Recently I was lucky enough to join the Toronto Whisky Society in the first of what we hope is a constant amount of tastings.
In order to give everyone a shot at coming out, the entry “fee” was to bring a bottle that was NAS/10 years that was at least half full.
The following reviews are from said tasting, in which I was able to take my time, take pictures that don’t just show off one part of my apartment, and ensure my palate was thoroughly rinsed (with water) between each whiskey..
Irish whiskey is something I enjoy. It may not be my favourite, and it may not be the whiskey I reach for over others (that’s Scotch), but it holds a special place in my heart. And not because of the binge drinking or bar fights in University.
That said, as a Canadian, I think Ireland’s whiskey scene saw what could happen. You see, Canada’s whisky scene is sad. And there was a point where it could have been saved, but we didn’t do anything. We’re doing things now.
I feel like part of the Irish whiskey scene is at that point, and luckily, the Irish seem to have woken the fuck up and not made the same mistake. So congrats. We forgive you for the Fenian raids.
Just kidding, we forgot about those years ago.
I feel that Tullamore Dew has attempted to just that. This is the first Irish whiskey to be finished in a Cider cask. Which is impressive. You’d think that someone would have done that by now. Apples are pretty ubiquitous and there has to be good casks around at least over in UK.
And thus we have Tullamore Dew Cider Cask. An interesting oddity in the Tullamore Dew lineup, I was interested in trying this once I saw it. I feel cask finishes are great ways to make things unique, if done right.
This one is travel retail. That’s concerning, to say the least. That’s usually a dumping ground.
So let’s see what happened here.
Price: N/A at the LCBO
Colour: 5Y 8/8
Nose: Apples, alcohol, citrus, pineapple
Apples. Oh the apples. Like falling through an orchard. Or diving into cider. It’s a lot.
Given time, this reminds me more of a flavoured vodka than a whiskey. It’s very fruit forward. Fruit centre. What I’m saying is there’s a lot of fruit.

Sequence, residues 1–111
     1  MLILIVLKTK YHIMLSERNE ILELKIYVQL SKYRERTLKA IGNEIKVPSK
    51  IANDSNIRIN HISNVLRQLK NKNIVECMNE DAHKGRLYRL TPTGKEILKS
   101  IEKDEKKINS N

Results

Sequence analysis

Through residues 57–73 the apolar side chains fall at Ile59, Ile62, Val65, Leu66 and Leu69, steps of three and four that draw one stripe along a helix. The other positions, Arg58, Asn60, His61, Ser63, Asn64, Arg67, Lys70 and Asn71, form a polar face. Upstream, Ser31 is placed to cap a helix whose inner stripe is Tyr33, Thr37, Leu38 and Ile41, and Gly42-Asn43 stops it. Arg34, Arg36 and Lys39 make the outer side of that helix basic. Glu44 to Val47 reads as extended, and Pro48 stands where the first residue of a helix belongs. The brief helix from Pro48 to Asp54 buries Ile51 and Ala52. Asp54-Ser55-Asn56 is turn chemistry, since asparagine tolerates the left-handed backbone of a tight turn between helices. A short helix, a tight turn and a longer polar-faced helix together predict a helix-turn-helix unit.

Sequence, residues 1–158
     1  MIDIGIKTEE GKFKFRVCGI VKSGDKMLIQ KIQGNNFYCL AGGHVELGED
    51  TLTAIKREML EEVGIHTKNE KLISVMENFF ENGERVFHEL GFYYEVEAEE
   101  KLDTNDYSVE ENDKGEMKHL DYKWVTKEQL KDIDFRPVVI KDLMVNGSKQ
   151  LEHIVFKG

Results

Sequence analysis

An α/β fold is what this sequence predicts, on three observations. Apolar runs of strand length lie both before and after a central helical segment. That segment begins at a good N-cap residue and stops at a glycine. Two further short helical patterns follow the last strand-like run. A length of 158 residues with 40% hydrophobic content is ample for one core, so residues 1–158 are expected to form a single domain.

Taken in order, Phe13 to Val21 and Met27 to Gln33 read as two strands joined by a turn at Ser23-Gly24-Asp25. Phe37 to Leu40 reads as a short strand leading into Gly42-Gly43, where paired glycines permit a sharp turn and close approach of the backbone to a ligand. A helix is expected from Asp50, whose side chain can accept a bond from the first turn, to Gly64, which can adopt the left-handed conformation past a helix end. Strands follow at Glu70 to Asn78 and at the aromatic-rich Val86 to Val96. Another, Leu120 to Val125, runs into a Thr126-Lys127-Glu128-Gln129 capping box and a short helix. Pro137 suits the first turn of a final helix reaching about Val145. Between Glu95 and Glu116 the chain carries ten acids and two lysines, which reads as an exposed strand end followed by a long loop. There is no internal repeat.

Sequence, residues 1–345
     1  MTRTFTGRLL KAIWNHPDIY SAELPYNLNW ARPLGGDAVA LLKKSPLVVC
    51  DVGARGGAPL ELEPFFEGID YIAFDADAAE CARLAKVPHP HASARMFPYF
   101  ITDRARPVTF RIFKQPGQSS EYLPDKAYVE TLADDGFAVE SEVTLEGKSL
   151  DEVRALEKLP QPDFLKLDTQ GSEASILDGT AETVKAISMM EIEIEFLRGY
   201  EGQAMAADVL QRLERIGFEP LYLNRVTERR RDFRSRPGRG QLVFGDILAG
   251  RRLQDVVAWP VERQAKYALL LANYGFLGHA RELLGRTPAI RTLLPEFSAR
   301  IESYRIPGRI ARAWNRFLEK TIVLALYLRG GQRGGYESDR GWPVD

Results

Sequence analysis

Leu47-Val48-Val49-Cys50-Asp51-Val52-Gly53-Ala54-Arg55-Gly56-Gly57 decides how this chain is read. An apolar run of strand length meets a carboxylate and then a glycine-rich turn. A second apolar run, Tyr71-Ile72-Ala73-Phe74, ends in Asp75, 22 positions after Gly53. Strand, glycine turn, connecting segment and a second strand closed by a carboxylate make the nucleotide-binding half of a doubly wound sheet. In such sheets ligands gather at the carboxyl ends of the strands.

Taste: Apple, faint cinnamon, caramel, yeast
Needs more spice. If this had more spice, I could see it as an interesting way of having an alcohol that tastes like apple jacks.
As it stands, this kinda does that, but not really. And there’s a yeast that sticks out. I don’t mind it too much, but it’s not helping. Doesn’t fit too well.
Finish: Yeast, cereal, mint, goat cheese
So I didn’t expect this. The finish starts with more of the yeast, and at first I’m sad because, well, that’s not really working well for it. However given some time… I’m surprised. There’s a distinct, sweet, and creamy taste that lingers.
It’s not blowing me away, but it’s certainly unique.
Conclusion: So this entire dram would be considered a failed experiment, for me. Yes, it’s better than original. Not by a lot. They have made something that most apple fans and some cider fans could drink.
As a whiskey it feels like it needed more of something. Or maybe different cider casks. The finish has some really interesting notes. It’s hard to say. Perhaps the casks didn’t work out, it was too expensive, or rather it was given too small a budget or too small a timeline.
I appreciate this experimentation along with others though. I think Irish whiskies at cask strength, good quality, trying new things, and even interesting finishes from Ireland are the future.
Just have to do better than this one.
World Whiskey review #208, Ireland review #35, Whiskey Network review #967